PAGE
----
ROCK ISLAND -- After spending more than $40 million for upgrades to Old Main, a new student center and athletic complex improvements, Augustana College is poised to invest $8 million to $12 million on an addition for a new art gallery, theater and music practice space.
An architect has been hired to draw up conceptual plans for an expansion on the west side of Centennial Hall, which currently houses three art galleries in 4,846 square feet of space. There are no estimates yet for square footage for the addition.
"We have been blessed by significant donations of art over the last few years, and throughout our history, and to hold these pieces of art without exhibiting them, to me, is not the ideal situation," college president Steven Bahls said. "We're not a warehouse. We're an active, living, learning environment.
"We don't have a display space that shows our art well," he said of the college's collection of 4,400 items. "We can't have a classroom here, an art museum to have room for a class of 30 or 40 to sit down."
The expansion is part of a capital plan approved by the college board eight years ago for the general upgrade of the campus, and this is the next phase, Mr. Bahls said. "I believe there will be considerable interest in the community to donate to something like this, because the Quad-Cities loves theater, art, and music. It'll be great.
"One of the distinctions of Augustana has been its fine and performing arts programs," he said. "Historically, Lutheran colleges have had strong art, theater and music programs. It's part of our mission. It's a jewel in the crown of Augustana College. My job is to keep that jewel sparkling."
Lynn Jackson, vice president of advancement, said they are talking with potential donors about funding for the project. "and we will be visiting with a number of people who are very interested in supporting the arts at Augustana."
The college has hired a museum director, Preston Thayer, to start Oct. 1 and help achieve these long-range goals. He received his Ph.D. in art history from the University of Pennsylvania, and his master's and museum studies certificate from the University of Delaware.
He has been museum director at New Mexico State University and Radford University (Va.), director of exhibitions for the Fredericksburg (Va.) Center for the Creative Arts, and most recently was curator of the Cummer Museum of Art in Jacksonville, Fla.
"Dr. Thayer, in my visits with him, indicated there's a treasure trove of art owned by Augustana College. Much of it has never been displayed for our students or the public," said Mr. Bahls, who is chairman of the Putnam Museum board.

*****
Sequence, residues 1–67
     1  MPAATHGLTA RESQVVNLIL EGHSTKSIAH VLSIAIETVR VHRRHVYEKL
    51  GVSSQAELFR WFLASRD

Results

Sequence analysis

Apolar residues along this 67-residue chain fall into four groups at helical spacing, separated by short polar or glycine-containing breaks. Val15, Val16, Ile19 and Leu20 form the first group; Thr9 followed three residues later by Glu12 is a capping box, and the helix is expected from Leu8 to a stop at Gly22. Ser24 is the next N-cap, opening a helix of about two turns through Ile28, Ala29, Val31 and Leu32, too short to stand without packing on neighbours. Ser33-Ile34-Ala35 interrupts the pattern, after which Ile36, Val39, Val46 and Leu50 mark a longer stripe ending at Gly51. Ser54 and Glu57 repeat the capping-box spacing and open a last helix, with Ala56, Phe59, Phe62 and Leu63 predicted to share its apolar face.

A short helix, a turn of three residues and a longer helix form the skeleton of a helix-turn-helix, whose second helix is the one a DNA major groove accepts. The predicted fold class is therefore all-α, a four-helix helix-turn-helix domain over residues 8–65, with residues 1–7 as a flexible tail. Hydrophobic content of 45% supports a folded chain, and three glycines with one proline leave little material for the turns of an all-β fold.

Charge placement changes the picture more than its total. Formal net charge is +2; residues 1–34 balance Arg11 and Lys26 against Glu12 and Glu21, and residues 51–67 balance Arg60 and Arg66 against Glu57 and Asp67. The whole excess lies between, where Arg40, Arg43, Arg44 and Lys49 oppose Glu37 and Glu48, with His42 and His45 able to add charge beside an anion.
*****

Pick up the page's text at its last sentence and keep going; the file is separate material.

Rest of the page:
"I was also impressed with his commitment to display more art throughout campus," he said, noting the college will show more art at the library and new Center for Student Life (including more student art). "He's a great visionary. He'll be a great partner for raising money."
As part of planning, the art museum underwent a peer assessment review, where directors of similar-sized college museums looked at Augie's strengths, weaknesses, opportunities and threats -- concluding it should do more to serve students and faculty, and partner with other organizations to present thematic exhibits, Mr. Bahls said.
"This museum has always operated well. The question isn't, what didn't we do -- it's how can we improve it," he said.
The museum is currently showing "Rosebud Sioux: A Lakota People in Transition" by Swedish pioneer photographer John Anderson, a traveling exhibit to honor Augie's Swedish heritage and complement its interest in Native Americans.
But Mr. Bahls wants the museum to show more local art and more of its own collection.
"The beauty of art for students -- art is a nonthreatening way to talk about difficult issues," he said. "Art is not going to attack your views. We want to really get our students enthusiastic about art. Many come to us without formal exposure to art. Art is a good way to talk about social issues, about religion."
Augustana's addition will replace Potter Theatre in Bergendoff Hall, which has a 150-seat capacity. A new theater will hold a similar amount, but the planning is not far enough along to estimate the size, college spokeswoman Keri Rursch said.
Mr. Bahls said the new "black box" theater will be a flexible space, and not a traditional theater.
"We want to sparkle when it comes to our arts programs."